It was wonderful to step into the Arlene Schnitzer Concert Hall yesterday evening and see it completely filled with concert-goers who were keenly anticipating the Oregon Symphony concert. I've attended too many concerts in which the house seemed to be 2/3rd full, and it just makes me want to rip the remaining hair out of my head because this orchestra under the direction of its music director, Carlos Kalmar, has been playing at an extremely high level. The prior concert, which featured waltzes by the Strauss family, Stravinsky's "Card Game," and Offenbach's Overture to "Orpheus in the Underworld," was exquisite.
For this concert (Sunday, February 4th) Itzhak Perlman, the great violinist, was the major draw in a program consisting of two Beethoven Romances , Tchaikovsky's Serenade in C major for Strings, and Dvorak's Symphony No. 8. Beginning the performance with the Romances, Perlman sat as a member of the orchestra and as a conductor, taking a position to the right of concertmaster Amy Schwartz-Moretti as a sort of ueber-concertmaster and soloist. The rich, sweet sound of Perlman's violin rose above the orchestra in a completely natural way, putting a creamy texture on top of the orchestra's accompaniment. It was sort of like adding schlag-obers to a steamy cup of coffee in a cafe in Vienna on a Sunday afternoon and admiring a group of beautiful women who are window shopping or are on their way to a destination that might be ruinous to a fellow's credit card account.
After the Beethoven numbers, Perlman returned to the stage to conduct Tchaikovsky's Serenade. Perlman showed a vigorous and animated conducting style, especially with the way he used the fingers in his left hand, extending some, curling others. And the strings (I counted 26 violins, 10 violas, 8 cellos, and 7 basses) responded incredibly well to each subtle gesture that he gave. The Waltz movement glided; the Elegy contained an alchemy of melancholy and nobility that was soothing; and the Finale lifted everyone's spirits.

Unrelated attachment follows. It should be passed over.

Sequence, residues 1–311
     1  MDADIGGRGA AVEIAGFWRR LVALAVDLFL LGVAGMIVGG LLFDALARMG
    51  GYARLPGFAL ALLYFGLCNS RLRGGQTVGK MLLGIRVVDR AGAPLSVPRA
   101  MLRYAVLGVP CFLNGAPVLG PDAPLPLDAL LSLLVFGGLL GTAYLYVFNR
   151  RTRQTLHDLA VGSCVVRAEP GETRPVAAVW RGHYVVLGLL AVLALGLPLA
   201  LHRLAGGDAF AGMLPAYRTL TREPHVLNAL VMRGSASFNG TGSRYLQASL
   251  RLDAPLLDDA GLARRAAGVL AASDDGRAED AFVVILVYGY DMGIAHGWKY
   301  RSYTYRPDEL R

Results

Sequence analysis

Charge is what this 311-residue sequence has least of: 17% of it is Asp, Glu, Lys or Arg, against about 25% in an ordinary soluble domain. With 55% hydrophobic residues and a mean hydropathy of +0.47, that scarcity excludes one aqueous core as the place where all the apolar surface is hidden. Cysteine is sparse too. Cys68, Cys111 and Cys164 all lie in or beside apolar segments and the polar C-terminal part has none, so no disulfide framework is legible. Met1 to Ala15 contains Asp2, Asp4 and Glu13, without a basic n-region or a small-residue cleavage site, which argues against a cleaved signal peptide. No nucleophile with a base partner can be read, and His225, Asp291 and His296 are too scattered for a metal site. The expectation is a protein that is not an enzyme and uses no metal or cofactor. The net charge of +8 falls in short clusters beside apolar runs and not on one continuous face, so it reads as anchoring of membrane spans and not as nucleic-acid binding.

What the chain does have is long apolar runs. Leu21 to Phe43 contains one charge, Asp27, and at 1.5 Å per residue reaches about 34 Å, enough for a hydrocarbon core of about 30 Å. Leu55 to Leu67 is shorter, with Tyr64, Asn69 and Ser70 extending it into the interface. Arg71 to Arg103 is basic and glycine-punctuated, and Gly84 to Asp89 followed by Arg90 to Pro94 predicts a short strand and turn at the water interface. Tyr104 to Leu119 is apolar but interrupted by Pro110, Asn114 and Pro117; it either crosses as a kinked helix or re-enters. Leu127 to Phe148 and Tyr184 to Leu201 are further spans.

After intermission, Perlman led the orchestra in a wonderful rendition of Dvorak's great symphony. This piece did seem to point out that Perlman is much, much more of a conductor of strings than he is of the brass. When the brass sounded out, Perlman sort of fell back limply on his chair rather than give it any kind of direction. The result of doing this, however, didn't diminish the overall sound and emotion of the piece. Terrific playing by flutist David Buck, oboist Martin Hebert, clarinetist Yoshinori Nakao, trumpeter Jeffrey Work, and the other members of the woodwinds and brass sections put a lot of polish on this work. At the end of the rousing fourth movement, the audience responded with an immediate standing ovation, and I'm sure that many listeners hoped that Perlman might treat them to an encore, but that didn't happen.
It was great to see many smiles on the faces of the orchestra members. I think that they enjoyed this concert as much as we did.